GI Ingenuity: Improvisation, Technology and Winning World War II – James J. Carafano
Praeger | 2006 | PDF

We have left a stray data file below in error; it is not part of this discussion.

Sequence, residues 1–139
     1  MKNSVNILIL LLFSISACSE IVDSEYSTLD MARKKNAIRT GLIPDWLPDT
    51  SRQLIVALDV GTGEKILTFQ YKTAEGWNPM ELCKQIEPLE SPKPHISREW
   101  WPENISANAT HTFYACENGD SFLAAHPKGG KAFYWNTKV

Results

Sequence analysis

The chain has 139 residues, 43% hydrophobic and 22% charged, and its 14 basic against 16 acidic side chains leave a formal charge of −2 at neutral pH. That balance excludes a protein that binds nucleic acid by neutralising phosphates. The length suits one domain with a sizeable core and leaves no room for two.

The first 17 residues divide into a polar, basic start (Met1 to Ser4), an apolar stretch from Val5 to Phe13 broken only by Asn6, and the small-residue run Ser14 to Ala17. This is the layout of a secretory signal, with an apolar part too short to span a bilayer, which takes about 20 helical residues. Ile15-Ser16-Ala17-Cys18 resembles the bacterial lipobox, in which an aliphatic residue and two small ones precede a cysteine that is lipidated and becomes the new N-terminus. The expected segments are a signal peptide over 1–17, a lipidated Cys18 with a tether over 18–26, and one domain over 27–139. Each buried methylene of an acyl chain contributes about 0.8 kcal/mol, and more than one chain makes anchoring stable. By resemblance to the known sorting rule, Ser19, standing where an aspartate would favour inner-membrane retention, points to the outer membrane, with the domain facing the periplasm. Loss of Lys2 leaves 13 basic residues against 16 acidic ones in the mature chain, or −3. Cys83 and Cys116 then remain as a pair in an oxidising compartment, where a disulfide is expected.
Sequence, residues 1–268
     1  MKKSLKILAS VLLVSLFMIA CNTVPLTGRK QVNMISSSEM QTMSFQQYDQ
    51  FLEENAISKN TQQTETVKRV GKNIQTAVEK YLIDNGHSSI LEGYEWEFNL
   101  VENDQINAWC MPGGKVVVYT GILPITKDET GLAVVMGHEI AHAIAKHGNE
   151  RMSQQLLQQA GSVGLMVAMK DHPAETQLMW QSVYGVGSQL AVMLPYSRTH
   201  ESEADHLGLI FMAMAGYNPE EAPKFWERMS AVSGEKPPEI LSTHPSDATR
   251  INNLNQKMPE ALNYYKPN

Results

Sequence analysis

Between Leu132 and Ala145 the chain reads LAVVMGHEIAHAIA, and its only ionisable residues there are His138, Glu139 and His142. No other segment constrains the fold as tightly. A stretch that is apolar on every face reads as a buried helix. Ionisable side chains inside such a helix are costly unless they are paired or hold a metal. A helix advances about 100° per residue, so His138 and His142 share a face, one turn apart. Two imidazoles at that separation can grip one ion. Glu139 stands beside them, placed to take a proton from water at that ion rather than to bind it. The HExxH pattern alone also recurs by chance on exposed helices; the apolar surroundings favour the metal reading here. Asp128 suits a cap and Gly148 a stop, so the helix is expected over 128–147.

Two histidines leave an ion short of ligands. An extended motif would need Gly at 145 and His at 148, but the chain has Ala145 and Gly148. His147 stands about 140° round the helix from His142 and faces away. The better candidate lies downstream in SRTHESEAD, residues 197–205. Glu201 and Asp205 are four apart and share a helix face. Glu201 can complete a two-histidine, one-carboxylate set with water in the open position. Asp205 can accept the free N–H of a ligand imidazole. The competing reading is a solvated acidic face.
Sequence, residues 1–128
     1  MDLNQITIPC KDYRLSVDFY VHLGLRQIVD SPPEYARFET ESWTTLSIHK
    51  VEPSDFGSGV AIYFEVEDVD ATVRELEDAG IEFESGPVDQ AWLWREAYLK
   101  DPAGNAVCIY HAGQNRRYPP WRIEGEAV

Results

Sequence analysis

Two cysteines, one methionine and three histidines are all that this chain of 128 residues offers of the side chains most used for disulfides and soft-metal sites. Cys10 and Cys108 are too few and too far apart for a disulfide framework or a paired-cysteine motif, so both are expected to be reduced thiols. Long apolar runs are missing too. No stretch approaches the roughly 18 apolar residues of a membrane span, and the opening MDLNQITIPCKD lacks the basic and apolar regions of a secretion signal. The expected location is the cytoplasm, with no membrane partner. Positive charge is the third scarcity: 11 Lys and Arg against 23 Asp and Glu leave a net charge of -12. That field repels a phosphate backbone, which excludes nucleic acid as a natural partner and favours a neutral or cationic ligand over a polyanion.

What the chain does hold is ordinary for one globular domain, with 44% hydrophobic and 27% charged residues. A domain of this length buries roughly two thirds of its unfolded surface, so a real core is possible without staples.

World War II saw the first generation of young men go into combat who had grown up feeling comfortable with modern industrial technology. As children, the GIs had built jalopies in their garage and poured over glossy full-colour issues of Popular Mechanics; tinkerers, problem-solvers, risk-takers, and day-dreamers, they were curious and outspoken — a generation well prepared to improvise, innovate, and adapt technology on the battlefield. This ability to innovate gave them an immeasurable edge on the field of combat. This book tells their story through the experience of the battle for Normandy, bringing together three disparate brands of history: military history; the history of science and technology; and social, economic, cultural, and intellectual history. The story, moreover, places the battles of World War II in the context of the immense social, economic, scientific, and technological changes that accompanied the evolution of combat in the twentieth century. “GI Ingenuity” illustrates the great transition of the American genius in battle from an industrial-age army to a postmodern military, by looking at the place where the transition happened – the battlefield.